Whaling, as you might be able to guess, is where the attacker targets high-ranking employees within an organization. These might be CEOs, CFOs or other senior executives, and the goal is to gain access to high-value data. Attackers will also target Government agencies, in an attempt to obtain classified information.

Baiting and quid pro quo

Baiting, as the name suggests, is where the attacker sets up traps in order to entice victims into handing over credentials or installing a malicious program. The “bait” can be either a physical object, such as a USB drive, or a link to a malicious website/application, which offers free movie downloads or some other service that users might be interested in.

Another term that is often used is “quid pro quo” – a Latin phrase that means an exchange of goods or services. It is actually very similar to baiting, in that, the attacker will offer something to the victim, in exchange for their data.

Of course, the victim is unaware that the attacker is trying to cheat them out of their data. An example of a “quid pro quo” attack is where an attacker poses as a legitimate technical support engineer, who offers to help the victim with a real problem.

The attacker will ask the user for their login credentials, or other valuable data. Alternatively, they may provide the user with a “free” security update, which they claim will solve their problem. Instead, the program will infect their computer with malware.


Vishing is where the attacker uses phone calls to trick the victim into handing over valuable data. The attacker will setup a fake phone number, and call the victim claiming to be their bank, or some other trusted entity, asking them for their account details.


Scareware, as you might expect, is designed to scare victims into handing over sensitive information. It often presents itself in the form of a pop-up, informing the victim that they have been infected with a virus, and they need to install their software to fix the problem. Of course, the software they install with be malware.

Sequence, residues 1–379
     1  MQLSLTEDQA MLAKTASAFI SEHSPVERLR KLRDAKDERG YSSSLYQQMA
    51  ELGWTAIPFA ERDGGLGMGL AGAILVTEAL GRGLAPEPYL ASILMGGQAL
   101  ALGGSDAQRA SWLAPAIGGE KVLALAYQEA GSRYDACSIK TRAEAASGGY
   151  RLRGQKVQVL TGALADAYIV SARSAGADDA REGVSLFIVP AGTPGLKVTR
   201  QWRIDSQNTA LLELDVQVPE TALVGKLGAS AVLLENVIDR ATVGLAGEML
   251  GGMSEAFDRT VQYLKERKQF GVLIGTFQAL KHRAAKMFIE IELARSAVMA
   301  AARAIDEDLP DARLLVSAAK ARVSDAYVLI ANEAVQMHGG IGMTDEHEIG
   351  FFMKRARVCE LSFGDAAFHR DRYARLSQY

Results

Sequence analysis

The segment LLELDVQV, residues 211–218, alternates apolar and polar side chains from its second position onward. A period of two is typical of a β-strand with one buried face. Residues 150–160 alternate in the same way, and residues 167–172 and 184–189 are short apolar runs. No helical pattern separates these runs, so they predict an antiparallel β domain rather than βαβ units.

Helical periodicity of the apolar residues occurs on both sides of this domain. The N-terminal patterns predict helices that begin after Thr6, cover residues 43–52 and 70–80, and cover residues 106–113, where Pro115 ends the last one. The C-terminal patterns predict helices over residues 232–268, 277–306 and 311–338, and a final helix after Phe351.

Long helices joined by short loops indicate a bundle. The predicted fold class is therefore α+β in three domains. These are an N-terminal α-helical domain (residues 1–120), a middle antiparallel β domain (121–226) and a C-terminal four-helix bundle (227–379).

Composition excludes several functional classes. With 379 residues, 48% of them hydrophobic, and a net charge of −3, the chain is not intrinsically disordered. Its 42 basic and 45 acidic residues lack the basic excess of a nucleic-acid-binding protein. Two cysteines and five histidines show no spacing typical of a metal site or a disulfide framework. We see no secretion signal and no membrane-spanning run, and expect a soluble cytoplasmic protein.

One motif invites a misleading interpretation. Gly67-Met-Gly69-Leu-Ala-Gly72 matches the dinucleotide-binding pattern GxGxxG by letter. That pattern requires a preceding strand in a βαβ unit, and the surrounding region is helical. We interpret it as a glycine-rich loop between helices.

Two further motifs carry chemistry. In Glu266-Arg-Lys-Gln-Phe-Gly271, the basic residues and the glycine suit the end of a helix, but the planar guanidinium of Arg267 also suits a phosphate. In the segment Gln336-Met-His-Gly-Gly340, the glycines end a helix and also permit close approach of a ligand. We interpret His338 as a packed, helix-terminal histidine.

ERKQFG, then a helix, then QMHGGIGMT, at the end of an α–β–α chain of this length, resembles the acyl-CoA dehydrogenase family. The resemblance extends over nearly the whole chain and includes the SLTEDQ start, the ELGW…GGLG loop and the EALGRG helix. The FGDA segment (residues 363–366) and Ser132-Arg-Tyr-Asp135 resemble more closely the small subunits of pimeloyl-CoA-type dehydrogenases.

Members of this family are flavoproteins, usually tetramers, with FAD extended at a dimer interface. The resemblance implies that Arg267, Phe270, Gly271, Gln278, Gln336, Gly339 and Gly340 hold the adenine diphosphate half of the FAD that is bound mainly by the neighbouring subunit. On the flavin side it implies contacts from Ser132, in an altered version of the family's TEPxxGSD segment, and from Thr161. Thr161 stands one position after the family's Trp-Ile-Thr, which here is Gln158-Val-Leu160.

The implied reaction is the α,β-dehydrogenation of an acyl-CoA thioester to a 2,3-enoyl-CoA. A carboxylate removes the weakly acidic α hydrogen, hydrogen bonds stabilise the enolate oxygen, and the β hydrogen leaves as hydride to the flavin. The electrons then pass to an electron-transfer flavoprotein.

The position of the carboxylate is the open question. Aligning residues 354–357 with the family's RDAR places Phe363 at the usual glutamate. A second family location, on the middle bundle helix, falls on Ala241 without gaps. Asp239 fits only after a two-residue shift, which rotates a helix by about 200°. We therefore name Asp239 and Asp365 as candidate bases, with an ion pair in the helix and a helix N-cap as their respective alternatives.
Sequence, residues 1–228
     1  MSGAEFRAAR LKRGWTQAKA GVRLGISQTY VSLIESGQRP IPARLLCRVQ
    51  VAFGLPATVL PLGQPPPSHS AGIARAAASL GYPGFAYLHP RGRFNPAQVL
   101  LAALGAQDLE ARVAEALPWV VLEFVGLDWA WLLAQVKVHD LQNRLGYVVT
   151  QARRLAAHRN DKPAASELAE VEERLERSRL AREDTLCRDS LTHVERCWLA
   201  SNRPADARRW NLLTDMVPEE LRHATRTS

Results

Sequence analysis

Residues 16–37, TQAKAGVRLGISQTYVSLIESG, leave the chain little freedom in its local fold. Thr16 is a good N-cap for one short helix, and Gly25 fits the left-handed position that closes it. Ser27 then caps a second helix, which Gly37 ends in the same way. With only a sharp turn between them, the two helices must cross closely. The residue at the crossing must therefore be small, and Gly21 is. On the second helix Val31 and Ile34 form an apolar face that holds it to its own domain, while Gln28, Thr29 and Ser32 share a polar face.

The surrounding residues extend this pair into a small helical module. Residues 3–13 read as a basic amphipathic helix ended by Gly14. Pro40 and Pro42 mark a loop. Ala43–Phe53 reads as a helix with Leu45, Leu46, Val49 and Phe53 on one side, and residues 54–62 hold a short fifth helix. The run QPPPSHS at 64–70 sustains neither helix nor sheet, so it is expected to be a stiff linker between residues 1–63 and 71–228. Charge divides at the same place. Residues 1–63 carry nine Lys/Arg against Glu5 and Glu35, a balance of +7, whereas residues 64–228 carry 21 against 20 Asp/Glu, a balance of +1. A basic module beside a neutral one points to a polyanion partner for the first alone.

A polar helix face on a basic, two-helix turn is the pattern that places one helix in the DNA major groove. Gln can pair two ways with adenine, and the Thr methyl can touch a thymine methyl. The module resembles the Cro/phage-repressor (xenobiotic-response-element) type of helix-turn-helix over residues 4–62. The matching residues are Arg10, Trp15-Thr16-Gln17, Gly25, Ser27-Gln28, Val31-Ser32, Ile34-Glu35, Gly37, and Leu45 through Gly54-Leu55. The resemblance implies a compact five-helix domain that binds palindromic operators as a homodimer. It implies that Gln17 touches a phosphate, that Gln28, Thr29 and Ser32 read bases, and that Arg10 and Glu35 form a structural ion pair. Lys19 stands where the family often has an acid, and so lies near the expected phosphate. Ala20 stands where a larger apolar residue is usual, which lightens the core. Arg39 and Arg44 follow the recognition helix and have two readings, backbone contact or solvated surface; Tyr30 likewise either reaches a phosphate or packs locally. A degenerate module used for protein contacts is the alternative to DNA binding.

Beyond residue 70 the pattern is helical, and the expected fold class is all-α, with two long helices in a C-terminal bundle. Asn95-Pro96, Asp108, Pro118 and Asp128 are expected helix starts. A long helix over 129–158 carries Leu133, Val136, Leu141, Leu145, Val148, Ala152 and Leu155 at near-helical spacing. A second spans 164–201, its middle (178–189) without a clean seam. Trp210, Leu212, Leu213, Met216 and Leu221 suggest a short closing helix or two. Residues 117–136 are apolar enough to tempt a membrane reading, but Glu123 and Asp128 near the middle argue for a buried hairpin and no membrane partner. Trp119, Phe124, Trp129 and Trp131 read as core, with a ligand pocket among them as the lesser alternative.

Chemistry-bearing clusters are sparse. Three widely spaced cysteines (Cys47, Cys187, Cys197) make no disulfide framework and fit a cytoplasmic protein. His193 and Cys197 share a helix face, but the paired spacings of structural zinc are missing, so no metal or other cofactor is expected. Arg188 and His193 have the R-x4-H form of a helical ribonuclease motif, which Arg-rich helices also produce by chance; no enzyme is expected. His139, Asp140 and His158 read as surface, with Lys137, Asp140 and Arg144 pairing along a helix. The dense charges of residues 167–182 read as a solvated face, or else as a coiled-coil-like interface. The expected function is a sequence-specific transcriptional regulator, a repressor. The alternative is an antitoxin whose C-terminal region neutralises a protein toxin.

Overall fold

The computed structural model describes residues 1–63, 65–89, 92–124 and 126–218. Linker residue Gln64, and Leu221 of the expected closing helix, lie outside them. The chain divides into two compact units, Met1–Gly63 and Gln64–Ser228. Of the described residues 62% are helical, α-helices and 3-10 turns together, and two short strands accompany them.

Tailgating, also referred to as “piggybacking”, is a technique used by the attacker to gain physical access to an employee’s device, or the company’s server. The attacker may gain access to the physical premises by pretending to be an employee, claiming they have lost their ID card, or a similar excuse. Naturally, tailgating is more effective in organizations where there are large number of employees.

AI-Powered Malware

AI and social engineering are not an obvious combination. However, attackers are starting to realize that AI can be used to bypass even the most sophisticated anti-malware solutions, and even impersonate the voices of senior executives.

Some AI-powered malware is able to insert itself into existing emails and use machine learning algorithms to mimic both the tone and topic of the conversation. AI can be used to identify users who are more susceptible to phishing scams, and a whole lot more.

It is a likely that “smart phishing”, as it is becoming known, will be major headache for IT teams and anti-malware software vendors in the years to come.

Tips to Prevent Social Engineering Attacks

Social engineering may be impossible to complete prevent, but as it relies in part to the gullibility of your users, there are things you can do to protect yourself.

Mainly, you should educate your users to slow down and not hastily react to messages. Scammers will send out phishing emails that seem like their urgent follow-up require. Take stock, and don’t let this influence you.

You should be sure to research where an email comes from if it looks dodgy. Make sure the company is real and the senders email address is legitimate.

Instead of clicking on links in the email or opening attachments, try and use search engines to get to the page directed by the email.

Never reply to emails that request financial information or passwords. Ensure that all your spam filters are set to the strictest possible settings and secure your computing devices.

Jason Coggins

Jason Coggins came to Lepide directly from the UK government security services, and now leads the UK & EU sales team at Lepide. Based in Lepide’s UK office, Jason has a practical and ‘hands-on’ approach to introducing Lepide to customers and channel partners globally.